Dogged by poor ridership, Greyhound Canada is proposing reducing the frequency of trips through the Kootenays.
The company’s application is now in the hands of the Passenger Transportation Board (PTB) after the period of public notification and input process ended today.
“The Passenger Transportation Board will weigh the pros and cons and make their decision,” explained Grant Odsen, the regional manager for Greyhound Canada.
Although Greyhound buses do not pass through Trail, passengers are shuttled to Castlegar by the Silver City Stage Lines to make connections on routes from Kelowna to Calgary.
However, due to lack of ridership, Greyhound is proposing cutting back on the number of trips it makes through the Kootenay corridor, one of 16 proposed route reductions in B.C.
Currently there is one trip each way (between Kelowna and Calgary), each day, seven days a week. In addition, there is another trip each way three days per week. On alternating routes those three days can either be Thursday to Saturday or Friday to Sunday, said Odsen.
“What we are proposing is to take off a three-day per week trip.”
He boiled the proposal down to one of economics.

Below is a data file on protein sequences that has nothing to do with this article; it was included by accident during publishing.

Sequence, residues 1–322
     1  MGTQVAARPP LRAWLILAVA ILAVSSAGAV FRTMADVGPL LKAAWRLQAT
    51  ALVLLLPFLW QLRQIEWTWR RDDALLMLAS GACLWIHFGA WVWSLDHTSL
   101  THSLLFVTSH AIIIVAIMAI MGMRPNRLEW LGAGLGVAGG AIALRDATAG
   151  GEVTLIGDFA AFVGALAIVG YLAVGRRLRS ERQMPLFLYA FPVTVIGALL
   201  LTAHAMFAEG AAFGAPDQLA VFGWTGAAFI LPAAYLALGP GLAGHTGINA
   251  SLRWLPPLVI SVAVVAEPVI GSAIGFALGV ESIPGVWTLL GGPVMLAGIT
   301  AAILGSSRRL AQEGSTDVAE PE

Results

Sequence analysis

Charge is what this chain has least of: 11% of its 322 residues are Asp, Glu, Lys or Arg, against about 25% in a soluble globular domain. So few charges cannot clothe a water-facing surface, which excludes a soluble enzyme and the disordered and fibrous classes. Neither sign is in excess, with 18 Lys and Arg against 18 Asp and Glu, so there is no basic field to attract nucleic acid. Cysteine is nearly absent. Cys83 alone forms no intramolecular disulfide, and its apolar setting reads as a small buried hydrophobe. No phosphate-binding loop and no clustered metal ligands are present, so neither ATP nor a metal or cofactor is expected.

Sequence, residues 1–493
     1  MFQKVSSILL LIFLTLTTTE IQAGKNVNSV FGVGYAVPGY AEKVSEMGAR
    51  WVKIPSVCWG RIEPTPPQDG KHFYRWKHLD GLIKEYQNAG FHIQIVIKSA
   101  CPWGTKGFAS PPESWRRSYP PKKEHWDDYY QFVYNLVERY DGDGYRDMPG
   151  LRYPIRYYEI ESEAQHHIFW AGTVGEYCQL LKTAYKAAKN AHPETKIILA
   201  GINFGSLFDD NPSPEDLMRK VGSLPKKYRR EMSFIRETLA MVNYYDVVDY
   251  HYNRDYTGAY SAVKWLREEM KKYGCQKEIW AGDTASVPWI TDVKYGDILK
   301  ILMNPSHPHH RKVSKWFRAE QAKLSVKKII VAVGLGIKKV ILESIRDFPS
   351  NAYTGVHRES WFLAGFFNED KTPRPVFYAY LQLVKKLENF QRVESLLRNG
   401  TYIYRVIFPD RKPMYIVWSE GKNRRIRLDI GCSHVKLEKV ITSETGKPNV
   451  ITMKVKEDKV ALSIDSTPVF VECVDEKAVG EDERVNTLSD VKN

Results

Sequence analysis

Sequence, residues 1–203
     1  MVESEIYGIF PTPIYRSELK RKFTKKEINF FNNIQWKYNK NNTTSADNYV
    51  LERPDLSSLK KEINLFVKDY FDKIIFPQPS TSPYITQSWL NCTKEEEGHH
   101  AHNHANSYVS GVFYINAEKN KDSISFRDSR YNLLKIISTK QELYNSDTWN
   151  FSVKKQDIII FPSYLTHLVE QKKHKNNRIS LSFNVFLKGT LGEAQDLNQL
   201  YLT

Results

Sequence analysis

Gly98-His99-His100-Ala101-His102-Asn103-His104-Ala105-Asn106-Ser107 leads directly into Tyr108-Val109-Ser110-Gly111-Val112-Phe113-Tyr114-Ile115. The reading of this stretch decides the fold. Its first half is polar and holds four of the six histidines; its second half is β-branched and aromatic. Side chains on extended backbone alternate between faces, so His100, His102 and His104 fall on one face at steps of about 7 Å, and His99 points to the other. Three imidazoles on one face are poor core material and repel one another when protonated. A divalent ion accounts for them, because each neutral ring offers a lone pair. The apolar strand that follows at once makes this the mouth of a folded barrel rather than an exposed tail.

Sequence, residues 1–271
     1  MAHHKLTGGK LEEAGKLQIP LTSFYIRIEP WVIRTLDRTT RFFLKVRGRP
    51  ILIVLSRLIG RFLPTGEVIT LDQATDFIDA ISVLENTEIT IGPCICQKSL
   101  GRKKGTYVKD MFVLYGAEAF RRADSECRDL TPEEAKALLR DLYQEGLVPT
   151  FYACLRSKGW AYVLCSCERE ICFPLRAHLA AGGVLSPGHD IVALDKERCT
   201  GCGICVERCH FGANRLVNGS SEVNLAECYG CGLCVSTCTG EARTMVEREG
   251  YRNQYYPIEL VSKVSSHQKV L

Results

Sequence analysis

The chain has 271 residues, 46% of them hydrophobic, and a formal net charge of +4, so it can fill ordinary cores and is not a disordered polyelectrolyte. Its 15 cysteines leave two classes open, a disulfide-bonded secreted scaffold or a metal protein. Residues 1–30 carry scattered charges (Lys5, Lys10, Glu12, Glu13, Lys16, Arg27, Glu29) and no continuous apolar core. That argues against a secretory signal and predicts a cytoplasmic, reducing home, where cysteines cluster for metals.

“We aren’t in the habit of eliminating trips that have lots of people on it,” he said. “But the ridership in that whole (Kootenay) corridor hasn’t been good for quite some time.”
He attributed that to a number of factors including cheaper airfares, more people driving and changes in traveling habits.
But the bottom line is the simple fact that fewer people are taking the bus on those specific routes, he said.
“Our East-bound route has an average load factor of 12.1 passengers per trip. Our West-bound is 11.3 passengers.”
A Greyhound bus can hold 54 passengers.
“When that coach is traveling all the way from Kelowna to Calgary is 600 miles. And you’re only carrying an average of 11 people, you’re losing a lot of money.”
The recently ended public input period allowed for people to submit objections to the changes. The PTB collected the information and will begin the process of reviewing the comments.
It has no set timeline to present a final decision on the proposal, said Odsen.
In an interview with Nelson Star reporter Megan Cole, Odsen added that Greyhound’s last resort would be to pull out of B.C. completely.
“That’s obviously something we don’t want to do, that’s why we’re going through this reduction application process. We would like to continue to do business in British Columbia and there is a need for our service, albeit in a different form that what you currently see operating now.”